From the previous Internet of Things Part-1 through Part- 5:

What we want to cover in Part 6:  Connecting To The Ethernet Protocol

Lets Get Started: Some Serial Communications Basics
Hardware communications protocols are generally refereed to as a BUS Protocol like RS232, RS422, RS485, USB, are all hardware topologies used to transport data serially over a physical medium, each having their own fixed specifications.  Serial communication data hardware has been around for many years and active way back before the first computer system was placed on the market.  There are basically two types of serial communications, Asynchronous and Synchronous.

Asynchronous communication bus is where data is understood to be clocked at the same rate for devices at both ends of the bus, triggered by a detection of the first edge transition defined as the Start Bit and repeated for a defined number of bits then ended with a clock cycle defined as a Stop Bit.  The most common Asynchronous BUS is the RS232 Universal Asynchronous Receiver Transmitter - (UART).

Synchronous communication bus is a bus that sends its clock time interval on a separate wire to identify the time interval the data is valid on the data line, hence the sending of the data is set to a predetermined time interval that is synchronized by the clock interval transferred with the data.  Synchronous hardware protocols are I²C (Inter-IC ) BUS, Serial Peripheral Interface (SPI) and others that have a fixed clock wire transferred with the data wire to identify the data valid time interval.  Figure 6.0 shows the basic block format requirements for hardware protocols for serial data buses.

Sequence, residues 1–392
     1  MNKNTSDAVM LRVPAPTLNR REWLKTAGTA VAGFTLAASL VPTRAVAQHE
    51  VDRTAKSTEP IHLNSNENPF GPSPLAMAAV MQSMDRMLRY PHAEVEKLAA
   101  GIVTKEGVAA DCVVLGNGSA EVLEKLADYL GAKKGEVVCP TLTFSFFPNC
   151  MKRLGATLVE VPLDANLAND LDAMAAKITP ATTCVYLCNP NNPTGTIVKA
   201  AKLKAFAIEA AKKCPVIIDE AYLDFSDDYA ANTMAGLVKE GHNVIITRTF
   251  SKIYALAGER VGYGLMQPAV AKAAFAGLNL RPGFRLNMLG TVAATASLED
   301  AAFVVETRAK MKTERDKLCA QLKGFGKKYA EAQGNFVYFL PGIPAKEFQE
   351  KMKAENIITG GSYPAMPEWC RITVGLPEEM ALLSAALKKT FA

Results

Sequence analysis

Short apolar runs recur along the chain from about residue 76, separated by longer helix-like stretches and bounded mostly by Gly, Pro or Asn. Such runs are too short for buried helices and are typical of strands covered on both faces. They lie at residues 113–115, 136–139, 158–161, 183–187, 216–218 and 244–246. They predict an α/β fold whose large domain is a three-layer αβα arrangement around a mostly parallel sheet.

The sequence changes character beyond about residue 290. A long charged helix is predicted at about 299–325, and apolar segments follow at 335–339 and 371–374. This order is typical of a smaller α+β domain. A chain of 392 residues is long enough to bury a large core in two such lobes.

Figure 6.0  Serial BUS Basic Structure Block Diagram

The Ethernet BUS Physical Device Hardware:
The Ethernet hardware protocol bus transfers data from a unique source to a unique destination serially.  The Ethernet bus Network Interface Controller (NIC) has to configure the Data Transfer Rate (DTR), configure the Mode(Half/Full Duplex), Specify source device, Specify destination device, Detect corrupt data, resolve collisions and extract the data payload.  The collision part is easy since the Ethernet Switch handles that with only one device per  switch port, we will get to the Ethernet Switch shortly.  The Detect corrupt data issue is rare on a properly installed network however, if the data is corrupted the packet is just dropped and there is no way to know where it came from so the sender has no knowledge of it being corrupted either and just keeps sending data.  For high QoS (Quality of Service) networks there are feedback and data manipulations techniques used to insure data integrity; we will cover that in the software development part of the series.

The Ethernet Physical bus may be configured to operate in half or full duplex mode although half duplex is rarely used today. Half duplex was setup initially setup with coaxial cable mainly to avoid collisions and continued on with the introduction of the Ethernet Hub, since Ethernet Hubs are half duplex devices. The hub introduced the single port, single device concept and made it easier than running coaxial cable from device to device; the Hub has been replaced with the introduction of the Ethernet Switch.  The Ethernet switch is a more flexible device that operates in both half and full duplex mode among other unique features .that we will discuss later.

The Ethernet hardware network is the most common of the physical networks today and is used in the majority of businesses and home Internet connections and has several speeds of 10Meg bps,  100M bps,  1Gig bps and 10/25/40 Gig bps.  There are other Physical Layer protocols also in use today as we discussed in Part-5 Table 5.2, however we will focus on the Ethernet for this part of the series.  We will review the implementation process for other Physical Layer medium topologies when we address integrating different network medium topologies into the IoT Core Platform later in the series.